Pre-Release | County Fair Awards (Honey)

pre-release
collaboration
bees

#1

I am a new beekeeper and a member of the San Diego Beekeeping Society. For this year’s county fair, I made awards for the annual Home Harvest Honey Contest.

My honey submission didn’t win, but I was called to the front and honored with a shout out at the awards ceremony for my Glowforge creations (reward enough!). :slight_smile:

The awards are made of Proofgrade Cherry Hardwood using the second to darkest engrave setting. A big thanks to @karaelena for helping with the final touches in Illustrator. I bow to his AI-fu.

Bonus: I also got this shot of a queen bee and her subjects when working at the bee booth last week. How cool of them to pose for a picture.


Weekly Highlights for the Week Ending June 10, 2017
#2

Very professional looking! Bet they loved them! :relaxed:


#3

Wow…those are Bee-utiful :stuck_out_tongue_winking_eye:
No really…very nice!!
And pic of the queen and workers is something you might etch as a picture maybe???


#4

More bee jokes please…


#5

Self-bred? No dot on her. Breeders usually use a colored paint dot on the queen’s back so you can tell how old she is so you can re-queen the colony when her fecundity starts to decline.


#6

NICE!!!

Surprisingly, I have two different bee-keeper friends. I’ve been thinking about ways to help them out with Geordi (my Glowforge). I was thinking wood placards for their honey jars or maybe etching the jars directly for them. Well see!


#7

It always makes me happy to see Bee-Keepers in the US.

It is so easy for us here to keep bees alive as Australia is the last Continent to be safe from Veroa Destructor, though Climate Change is bringing large enough swarms of Small Hive Beetle that some people are losing entire hives to them.
The challenge to keeps enough hives alive to avoid total collapse in the USA is an immense struggle. Each hobbiest that helps out is doing a great service to their Continent and environment.

Here is one of my girls on a lavender spike

.


#8

Ooooo…bees & lavender! Nice.


#9

Yup anything in the Borage family is a high-value target for bees.

I also plant a lot of Sunflowers for them but sunflower pollen makes honey that crystallises quickly.

If you are interested i am one of the original backers of the FlowHive system and have FlowHives on both my hives. Here is a harvest in progress. I can generally get 1.5-2kg of honey from a FlowFrame in just 15min (on a warm day) with no disruption or stress to the hive. It is an amazing system. Even more amazing is that within 30min of closing the frame up the bees are already starting to restock the cells.


#10

Wow. That’s cool. Beats the heck out of the decapping knife and centrifuge spinner. I’m going to take a look at that.

And I have lavender too :slight_smile: (Munstead, Hidcote, Edelweiss (white) and Phenomenal (big butterfly attractor).


#11

Oh, you have no idea. To harvest 4 frames of capped honey used to be 6 long messy hours for 2 people. The bees would be so pissed off by the end of it and so much honey was wasted that it was sad. I would end up with around 7kg of honey from all this.

To harvest the same amount from the Flowhive means 1hour; no mess, no stressed bees (but also no left over wax for us but i am willing to lose that for all the other benefits). I don’t even have to bother suiting up as the bees barely know you are there. The FH pipe goes straight into the storage container, the honey has no wax, no residue.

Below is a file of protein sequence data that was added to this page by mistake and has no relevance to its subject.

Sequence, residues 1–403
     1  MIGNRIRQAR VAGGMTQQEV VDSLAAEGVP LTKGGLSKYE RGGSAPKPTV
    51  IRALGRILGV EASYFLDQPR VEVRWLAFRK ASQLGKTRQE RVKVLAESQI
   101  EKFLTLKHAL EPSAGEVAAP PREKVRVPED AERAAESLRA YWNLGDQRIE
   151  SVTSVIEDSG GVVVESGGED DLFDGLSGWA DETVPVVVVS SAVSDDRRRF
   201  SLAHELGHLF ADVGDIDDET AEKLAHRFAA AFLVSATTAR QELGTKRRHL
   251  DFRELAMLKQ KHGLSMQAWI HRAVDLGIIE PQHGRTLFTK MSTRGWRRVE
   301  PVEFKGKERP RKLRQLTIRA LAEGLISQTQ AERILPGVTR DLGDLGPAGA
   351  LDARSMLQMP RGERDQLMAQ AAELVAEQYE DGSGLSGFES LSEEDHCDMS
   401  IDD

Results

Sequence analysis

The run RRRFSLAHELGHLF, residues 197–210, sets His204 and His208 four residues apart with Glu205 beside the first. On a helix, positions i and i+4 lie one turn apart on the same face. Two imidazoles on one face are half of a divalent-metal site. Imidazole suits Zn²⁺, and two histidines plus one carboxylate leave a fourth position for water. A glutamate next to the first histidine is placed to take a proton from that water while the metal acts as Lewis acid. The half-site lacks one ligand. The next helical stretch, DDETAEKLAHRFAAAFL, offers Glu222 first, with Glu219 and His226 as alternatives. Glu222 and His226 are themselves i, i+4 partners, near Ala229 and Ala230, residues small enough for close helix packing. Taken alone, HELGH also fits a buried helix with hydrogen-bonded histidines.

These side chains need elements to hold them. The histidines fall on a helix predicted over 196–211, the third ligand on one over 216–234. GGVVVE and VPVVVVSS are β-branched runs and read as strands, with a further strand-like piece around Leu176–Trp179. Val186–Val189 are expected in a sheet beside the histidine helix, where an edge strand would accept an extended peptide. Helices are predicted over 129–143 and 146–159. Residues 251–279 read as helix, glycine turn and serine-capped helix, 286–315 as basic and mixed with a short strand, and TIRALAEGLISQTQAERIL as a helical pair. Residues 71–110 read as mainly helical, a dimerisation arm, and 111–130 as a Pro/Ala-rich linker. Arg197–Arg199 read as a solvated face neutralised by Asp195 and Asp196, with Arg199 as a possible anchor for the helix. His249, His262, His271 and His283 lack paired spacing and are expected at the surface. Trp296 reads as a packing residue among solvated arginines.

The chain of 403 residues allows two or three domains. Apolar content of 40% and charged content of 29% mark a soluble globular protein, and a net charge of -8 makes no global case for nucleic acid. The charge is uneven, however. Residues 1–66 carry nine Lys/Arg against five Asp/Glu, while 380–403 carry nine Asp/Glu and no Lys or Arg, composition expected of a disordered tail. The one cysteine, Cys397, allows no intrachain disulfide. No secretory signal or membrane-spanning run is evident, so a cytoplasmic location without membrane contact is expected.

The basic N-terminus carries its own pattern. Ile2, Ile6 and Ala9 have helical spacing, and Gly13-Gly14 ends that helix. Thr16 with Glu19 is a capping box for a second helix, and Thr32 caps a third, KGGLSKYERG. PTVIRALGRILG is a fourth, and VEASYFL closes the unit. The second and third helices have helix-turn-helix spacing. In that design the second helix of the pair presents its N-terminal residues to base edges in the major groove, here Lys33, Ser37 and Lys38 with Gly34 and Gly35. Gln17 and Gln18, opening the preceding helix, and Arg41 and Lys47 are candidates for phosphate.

It is an ABSOLUTE game changer and i highly recommend looking at the product


#12

These are wonderful! Great job! You should indeed, bee very proud of both your work with bees and with the Glowforge.


#13

To bee or not to bee. That is the question.
Whether it is nobler to suffer the slings and arrows…


#14

Whether it is nobler to suffer the stings and arrows… :stuck_out_tongue_winking_eye:


#15

What a classy design! I’m sure they were thrilled.

(Sorry, all the bee puns were taken ) :honeybee:


#16

My wife is a data coach at Explorer Academy, it’s a hands on learning school. They built the school with pipes and wiring exposed and this year purchased a flowhive to do bea keeping with the kids. Last year they opened a small garden area for the kids to plant in.


#17

Perfect for the kiddies… the FlowHive hives have a built in observation window that the kids would love!
almost every visitor to our place comes out to look through our windows at the flourishing hive

Also great to teach the kids that bees are not to fear but to greatly respect and protect


#18

Definitely agree that bees have gotten a bad wrap, especially with kids. I spend most of my time outdoors in the spring, summer, and fall. As far as I can remember I have been stung 2 times. One on the lip from a pop can and one on the foot when I stepped on a hornet with flip flops on. I try to tell my daughter that they don’t want to sting but it’s engrained in her to run and swat lol


#19

The problem is that people do not realise bees have compound eyes… movement is what they see best.
To a bee: waving your hands in a shooing motion just makes you look bigger and potentially more of a threat than before.

I train my kids and friends to just stand still when a bee is close and making the ‘back off’ buzz… Unless you are an extreme diabetic with pure sugar for blood there is nothing you got that they want and they will leave you alone very fast.


#20

Those are the bee’s knees, Rebecca! BEEutiful !